Speaking on Wednesday at a chip conference here, Huang characterized the relationship with Microsoft as "very strong," adding, "We just asked a third party to help us solve some stuff."
Nvidia disclosed Monday that it was in arbitration with Microsoft over the pricing of its chips used in the Xbox, a move Nvidia said could either lead it to recognize additional revenue or force it to sell some chips at a loss--depending on how the issue is resolved. Microsoft's Xbox accounts for 15 percent to 20 percent of Nvidia's sales. Nvidia also said Monday it was restating its earnings for the past three years because of accounting issues.
In a filing with the Securities and Exchange Commission on Wednesday, Nvidia said the restatements will include accidental double booking of expenses, accounting judgments it concluded were incorrect, and other issues. However, Huang noted that the net effect of the restatements is that Nvidia's income for the three years in question was $1.3 million higher than previously reported.
Also on Monday, Nvidia raised its financial outlook for the just-ended quarter, and Huang said he sees continued market share gains this year leading to more growth. Some of that will come from a new graphics chip slated to arrive in August.
The new chip will be manufactured on Taiwan Semiconductor Manufacturing Co.'s latest 0.13-micron manufacturing process, Huang said. Huang did not reveal the name or specific features of the chip, but did say it was a fundamentally new architecture from the GeForce 4 Titanium introduced earlier this year.
"It is the most important contribution we've made to the graphics industry since the founding of this company," Huang said, speaking at the Merrill Lynch Hardware Heaven Technology Conference.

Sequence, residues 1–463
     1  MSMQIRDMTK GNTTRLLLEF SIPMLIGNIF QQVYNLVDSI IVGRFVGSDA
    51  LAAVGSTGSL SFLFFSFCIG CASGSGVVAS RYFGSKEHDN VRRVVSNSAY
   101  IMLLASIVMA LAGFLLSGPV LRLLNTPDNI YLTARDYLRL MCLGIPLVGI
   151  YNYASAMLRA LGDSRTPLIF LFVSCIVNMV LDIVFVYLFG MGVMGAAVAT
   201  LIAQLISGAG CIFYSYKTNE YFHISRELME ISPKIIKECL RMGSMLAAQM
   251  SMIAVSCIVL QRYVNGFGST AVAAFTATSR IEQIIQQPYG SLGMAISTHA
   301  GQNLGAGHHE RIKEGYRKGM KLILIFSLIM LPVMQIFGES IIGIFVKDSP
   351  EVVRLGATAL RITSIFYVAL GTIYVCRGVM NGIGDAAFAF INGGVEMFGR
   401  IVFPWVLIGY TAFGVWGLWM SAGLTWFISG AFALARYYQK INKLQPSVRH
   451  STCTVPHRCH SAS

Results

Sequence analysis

Huang also noted the inroads the company has made in the Macintosh market, saying that the company expects to have the largest share of that market "very soon." Huang said that Nvidia's chips are in the eMac that Apple ComputerMonday.
"You are going to see many more exciting introductions in that space," Huang said.
The company also plans a follow-on to its nForce chipset, which works with Advanced Micro Devices' Athlon processors but not with Intel's Pentium 4. Huang said the company will continue to focus on chipsets for that market, rather than pursue a license to work with Intel's chips.
Huang said the Athlon market represents about 30 million PCs a year, with Nvidia getting revenue in the "mid-$20s to mid-$30s" for each nForce chipset. Plus, he said, you don't have the risk of competing with Intel's own chipsets, as is the case in the Pentium 4 market.
Chipsets are companion processors that allow the microprocessor to exchange information with other parts of the motherboard, such as memory.
Huang said the company hopes it has the accounting issues behind it, noting that the process required a lot of time, as the company worked with forensic auditors from KPMG and lawyers from Silicon Valley firm Cooley Godward.
"The lawyers and auditors are in the process of moving out of the company," Huang said.